I didn’t talk much about the tofu in the stir fry I posted about earlier this week and another one of its vices: its fragile form. Tofu falls apart really easy, even when working the extra firm kind. This stuff does not take a beating well and the stirring and tossing of making a stir fry will cause it to crumble. (Interesting Fact! Did you know the main difference between soft and firm tofu is simply the amount of water? Now you do!) There are a couple ways (that I know of) to make tofu more resilient, pressing more water out and giving it a quick sear. I decided to revisit this week’s stir fry with a seared tofu and then pressed & seared tofu.
The searing was pretty straight forward. After taking half a block of tofu and cutting it into quarter inch pieces, I threw them in a pan under medium-high heat with a bit of oil. Thanks to the high water content of tofu there was quite a bit of spitting. I let it sit for a bit, checking occasionally for browning on the bottom as a sign that it was becoming a bit more stable, then tossed it with a tablespoon of tamari. I then continued to cook till browned on all sides. Between the tamari and browning, the tofu took on a nice flavor and was much firmer.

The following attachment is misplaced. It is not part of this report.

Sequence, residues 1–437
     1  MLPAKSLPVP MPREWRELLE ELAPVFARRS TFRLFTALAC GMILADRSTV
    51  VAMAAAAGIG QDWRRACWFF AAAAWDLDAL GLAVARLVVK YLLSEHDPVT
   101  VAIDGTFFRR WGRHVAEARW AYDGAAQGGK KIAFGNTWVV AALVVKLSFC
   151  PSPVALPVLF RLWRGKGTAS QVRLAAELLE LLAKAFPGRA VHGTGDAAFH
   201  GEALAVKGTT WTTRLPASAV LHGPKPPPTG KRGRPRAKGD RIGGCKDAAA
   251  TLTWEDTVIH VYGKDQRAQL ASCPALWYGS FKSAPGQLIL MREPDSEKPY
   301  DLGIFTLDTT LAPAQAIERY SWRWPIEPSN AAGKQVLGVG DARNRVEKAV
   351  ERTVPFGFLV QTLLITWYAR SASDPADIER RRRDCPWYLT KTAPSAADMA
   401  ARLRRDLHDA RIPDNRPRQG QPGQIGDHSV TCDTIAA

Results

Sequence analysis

While I was working on the first half of tofu the second half was sitting in a colinder with a mid-size pot full of water resting on top. This was to press water out for about 45 minutes. Then I pretty much did the same thing as above. Still plenty of water for for spitting, but the browning was much quicker and deeper. In fact, I stepped away to wash a few dishes and got some burning very quickly!
Overall, I liked the second method for a stronger structure as well as a more significant taste. Both worked well and I may consider the first method for depending on what ingredients I’m adding it to and where I want it as a dominant ingredient or not.